sarpipe.pl – machine readable solaris sar output

I’ve been scripting somewhat with sar on Solaris 10. The major problem is that for some reason there is no flag to output machine readable output (ie. make it easy to import into spreadsheets or other script). The most imporant part was adding a time field to each and every block device to make it much easier to create disk statistics.

So I threw one together sarpipe.pl:

#!/usr/bin/perl -w
use strict;

#default field delimiter/separator
my $delim = "|";

while($_ = shift @ARGV) {
        if($_ =~ m/--delim/) {
                #change the default field delimter
                $delim = shift(@ARGV);
        }
        else {
                die "Usage: sar [-A...] | $0 [--delim seperator]n";
        }
}

#preset so we don't get any concat empty val errors
my $latesttime = "";
#loop through the sar output
while(<>) {
        chomp;
        #catch time field of output, remove from line
        if($_ =~ s/^(dd[:]dd[:]dd|Average)//) {
                $latesttime = $1 . $delim;
        }
        #remove leading and tailing whitespace
        $_ =~ s/(^s+|s+$)//;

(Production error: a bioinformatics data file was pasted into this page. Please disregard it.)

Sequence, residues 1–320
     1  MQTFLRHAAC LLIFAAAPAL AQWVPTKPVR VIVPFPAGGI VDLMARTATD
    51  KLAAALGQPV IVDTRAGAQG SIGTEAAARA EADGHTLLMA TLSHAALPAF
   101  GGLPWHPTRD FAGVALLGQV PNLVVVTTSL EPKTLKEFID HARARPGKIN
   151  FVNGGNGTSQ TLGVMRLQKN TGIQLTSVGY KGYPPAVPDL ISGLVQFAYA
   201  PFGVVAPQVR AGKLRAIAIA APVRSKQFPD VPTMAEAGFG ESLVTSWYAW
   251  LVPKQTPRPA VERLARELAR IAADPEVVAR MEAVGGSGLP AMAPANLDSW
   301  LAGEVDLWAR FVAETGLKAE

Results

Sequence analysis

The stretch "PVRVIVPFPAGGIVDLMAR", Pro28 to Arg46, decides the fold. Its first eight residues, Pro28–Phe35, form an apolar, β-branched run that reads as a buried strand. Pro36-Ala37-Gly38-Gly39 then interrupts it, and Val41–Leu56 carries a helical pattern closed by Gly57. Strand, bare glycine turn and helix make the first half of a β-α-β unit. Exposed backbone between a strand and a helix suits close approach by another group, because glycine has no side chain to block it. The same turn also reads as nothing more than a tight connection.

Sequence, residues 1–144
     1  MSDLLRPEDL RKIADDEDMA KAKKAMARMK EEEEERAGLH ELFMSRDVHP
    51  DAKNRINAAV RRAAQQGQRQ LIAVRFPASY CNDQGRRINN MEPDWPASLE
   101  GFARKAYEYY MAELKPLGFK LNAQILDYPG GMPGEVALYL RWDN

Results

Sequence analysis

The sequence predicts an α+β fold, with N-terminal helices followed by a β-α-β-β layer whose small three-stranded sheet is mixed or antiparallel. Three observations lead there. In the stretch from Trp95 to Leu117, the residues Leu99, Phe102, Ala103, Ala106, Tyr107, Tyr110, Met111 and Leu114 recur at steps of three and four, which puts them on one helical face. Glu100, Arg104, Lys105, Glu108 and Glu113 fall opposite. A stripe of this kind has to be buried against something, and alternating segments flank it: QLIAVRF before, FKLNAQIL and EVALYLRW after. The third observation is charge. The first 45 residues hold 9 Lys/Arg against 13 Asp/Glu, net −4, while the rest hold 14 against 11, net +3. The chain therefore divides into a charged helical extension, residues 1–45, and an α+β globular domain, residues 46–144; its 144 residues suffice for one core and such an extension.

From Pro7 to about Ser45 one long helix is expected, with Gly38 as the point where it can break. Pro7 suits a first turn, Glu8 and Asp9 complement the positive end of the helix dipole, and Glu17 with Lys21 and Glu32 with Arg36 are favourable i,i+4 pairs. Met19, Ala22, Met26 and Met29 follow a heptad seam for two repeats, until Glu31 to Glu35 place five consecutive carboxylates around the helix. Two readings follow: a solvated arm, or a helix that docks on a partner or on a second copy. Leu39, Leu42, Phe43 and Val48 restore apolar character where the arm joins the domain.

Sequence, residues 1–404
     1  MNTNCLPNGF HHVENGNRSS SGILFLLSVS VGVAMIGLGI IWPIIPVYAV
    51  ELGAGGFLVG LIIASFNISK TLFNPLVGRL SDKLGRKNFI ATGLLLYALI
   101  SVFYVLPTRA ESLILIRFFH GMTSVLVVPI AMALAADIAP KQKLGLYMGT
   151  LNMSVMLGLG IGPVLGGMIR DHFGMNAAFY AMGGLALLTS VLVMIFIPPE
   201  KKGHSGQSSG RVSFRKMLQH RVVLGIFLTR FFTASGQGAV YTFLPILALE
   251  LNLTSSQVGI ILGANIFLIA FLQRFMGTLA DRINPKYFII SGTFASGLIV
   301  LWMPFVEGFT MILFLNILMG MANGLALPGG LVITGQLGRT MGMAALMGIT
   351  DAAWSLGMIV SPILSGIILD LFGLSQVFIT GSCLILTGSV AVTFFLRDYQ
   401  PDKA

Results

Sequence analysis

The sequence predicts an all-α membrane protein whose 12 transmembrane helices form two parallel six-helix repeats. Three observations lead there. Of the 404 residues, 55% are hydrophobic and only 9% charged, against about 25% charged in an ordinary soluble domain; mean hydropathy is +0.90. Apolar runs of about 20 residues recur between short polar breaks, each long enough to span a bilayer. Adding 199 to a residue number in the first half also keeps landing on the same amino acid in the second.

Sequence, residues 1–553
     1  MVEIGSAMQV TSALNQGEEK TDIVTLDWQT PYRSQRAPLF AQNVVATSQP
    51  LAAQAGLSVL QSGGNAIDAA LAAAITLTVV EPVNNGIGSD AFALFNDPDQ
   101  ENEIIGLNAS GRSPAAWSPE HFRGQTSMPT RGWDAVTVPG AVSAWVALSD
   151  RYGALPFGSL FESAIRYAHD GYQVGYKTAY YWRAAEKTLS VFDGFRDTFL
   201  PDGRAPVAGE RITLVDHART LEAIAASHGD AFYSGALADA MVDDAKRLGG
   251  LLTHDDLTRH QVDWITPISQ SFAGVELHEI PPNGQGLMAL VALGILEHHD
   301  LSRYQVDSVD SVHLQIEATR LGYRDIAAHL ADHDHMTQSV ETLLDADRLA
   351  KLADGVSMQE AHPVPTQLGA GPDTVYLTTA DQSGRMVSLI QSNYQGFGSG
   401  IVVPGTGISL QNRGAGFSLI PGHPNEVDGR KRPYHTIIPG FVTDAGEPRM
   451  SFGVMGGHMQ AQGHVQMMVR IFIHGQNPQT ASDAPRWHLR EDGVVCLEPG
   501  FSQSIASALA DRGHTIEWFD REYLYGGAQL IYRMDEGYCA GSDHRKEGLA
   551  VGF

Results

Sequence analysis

#replace spaces with field delimiter
        $_ =~ s/s+/$delim/g;
        #if the line contains any content, print time field and line
        print $latesttime  . $_ if($_ =~ m/^.+$/);
        print "n";
}

In use:

user@example$ ./sarpipe.pl  -h
Usage: sar [-A...] | ./sarpipe.pl [--delim seperator]
user@example$ sar -d | ./sarpipe.pl | more

SunOS|bcaeao|5.10|Generic_144488-10|sun4u|08/16/2011

00:00:00|device|%busy|avque|r+w/s|blks/s|avwait|avserv

00:10:01|md110|0|0.0|0|1|0.0|29.9
00:10:01|md111|0|0.0|0|0|0.0|0.0
00:10:01|md115|1|0.0|2|30|0.0|15.3
00:10:01|md116|0|0.0|0|0|0.0|12.8
00:10:01|md120|0|0.0|0|1|0.0|27.4
00:10:01|md121|0|0.0|0|0|0.0|0.0
00:10:01|md125|1|0.0|2|30|0.0|13.4
00:10:01|md126|0|0.0|0|0|0.0|13.0
00:10:01|md130|0|0.0|0|1|0.0|0.0
...
Average|ssd35,c|0|0.0|0|0|0.0|0.0
Average|ssd35,g|1|0.0|2|179|0.0|10.1
Average|ssd36|0|0.0|0|0|0.0|0.0
Average|ssd36,a|0|0.0|0|0|0.0|0.0
Average|ssd36,b|0|0.0|0|0|0.0|0.0
Average|ssd36,c|0|0.0|0|0|0.0|0.0
Average|ssd36,f|0|0.0|0|0|0.0|0.0
Average|ssd36,g|0|0.0|0|0|0.0|0.0
Average|ssd36,h|0|0.0|0|0|0.0|0.0
Average|ssd38|0|0.0|1|5|0.0|2.2
Average|ssd38,c|0|0.0|0|0|0.0|0.0
Average|ssd38,g|0|0.0|1|5|0.0|2.2
user@example$ 

As you can see, it just formats the sar output to be easily used. It does not remove empty lines or remove annoying psudo block devices (ssd36,h). The default delimiter is a pipe because a comma would interfere with device names with a comma. If you change the delimiter via command line (–delim) be sure to be aware of shell escapes (eg –delim ! not –delim !).